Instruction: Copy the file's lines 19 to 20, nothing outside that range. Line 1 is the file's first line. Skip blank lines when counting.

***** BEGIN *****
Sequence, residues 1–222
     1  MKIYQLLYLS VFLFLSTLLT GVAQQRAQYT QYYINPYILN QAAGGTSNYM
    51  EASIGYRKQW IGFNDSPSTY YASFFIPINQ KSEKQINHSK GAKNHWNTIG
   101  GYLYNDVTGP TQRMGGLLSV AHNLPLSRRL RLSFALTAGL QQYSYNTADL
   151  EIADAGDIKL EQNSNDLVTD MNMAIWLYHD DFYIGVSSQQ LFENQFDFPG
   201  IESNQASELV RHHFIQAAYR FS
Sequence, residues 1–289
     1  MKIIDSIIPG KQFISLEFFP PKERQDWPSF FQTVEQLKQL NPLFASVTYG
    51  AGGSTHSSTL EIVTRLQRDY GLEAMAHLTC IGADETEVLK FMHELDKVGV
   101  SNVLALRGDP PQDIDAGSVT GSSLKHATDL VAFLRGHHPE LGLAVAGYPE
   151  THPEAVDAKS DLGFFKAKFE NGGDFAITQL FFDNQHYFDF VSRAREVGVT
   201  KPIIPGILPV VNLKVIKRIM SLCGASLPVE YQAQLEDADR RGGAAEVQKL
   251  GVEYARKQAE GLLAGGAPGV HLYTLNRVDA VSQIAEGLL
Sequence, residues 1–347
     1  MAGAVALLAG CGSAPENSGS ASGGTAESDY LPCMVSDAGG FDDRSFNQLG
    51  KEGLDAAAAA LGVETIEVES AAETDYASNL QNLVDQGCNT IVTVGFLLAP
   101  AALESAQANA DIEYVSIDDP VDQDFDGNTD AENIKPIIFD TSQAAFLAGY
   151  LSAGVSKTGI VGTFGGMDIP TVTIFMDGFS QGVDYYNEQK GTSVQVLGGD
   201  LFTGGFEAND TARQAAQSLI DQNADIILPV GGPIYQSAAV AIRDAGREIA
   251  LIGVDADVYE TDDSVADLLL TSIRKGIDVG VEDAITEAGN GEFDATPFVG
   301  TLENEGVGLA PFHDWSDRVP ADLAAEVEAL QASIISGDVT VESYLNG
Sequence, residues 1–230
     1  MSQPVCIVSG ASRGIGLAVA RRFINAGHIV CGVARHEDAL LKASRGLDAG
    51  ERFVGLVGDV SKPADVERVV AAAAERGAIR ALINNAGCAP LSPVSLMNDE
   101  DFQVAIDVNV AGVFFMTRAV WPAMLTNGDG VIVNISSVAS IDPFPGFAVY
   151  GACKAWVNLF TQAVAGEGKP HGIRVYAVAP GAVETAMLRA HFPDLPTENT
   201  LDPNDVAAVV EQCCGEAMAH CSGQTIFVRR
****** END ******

   201  LFTGGFEAND TARQAAQSLI DQNADIILPV GGPIYQSAAV AIRDAGREIA
   251  LIGVDADVYE TDDSVADLLL TSIRKGIDVG VEDAITEAGN GEFDATPFVG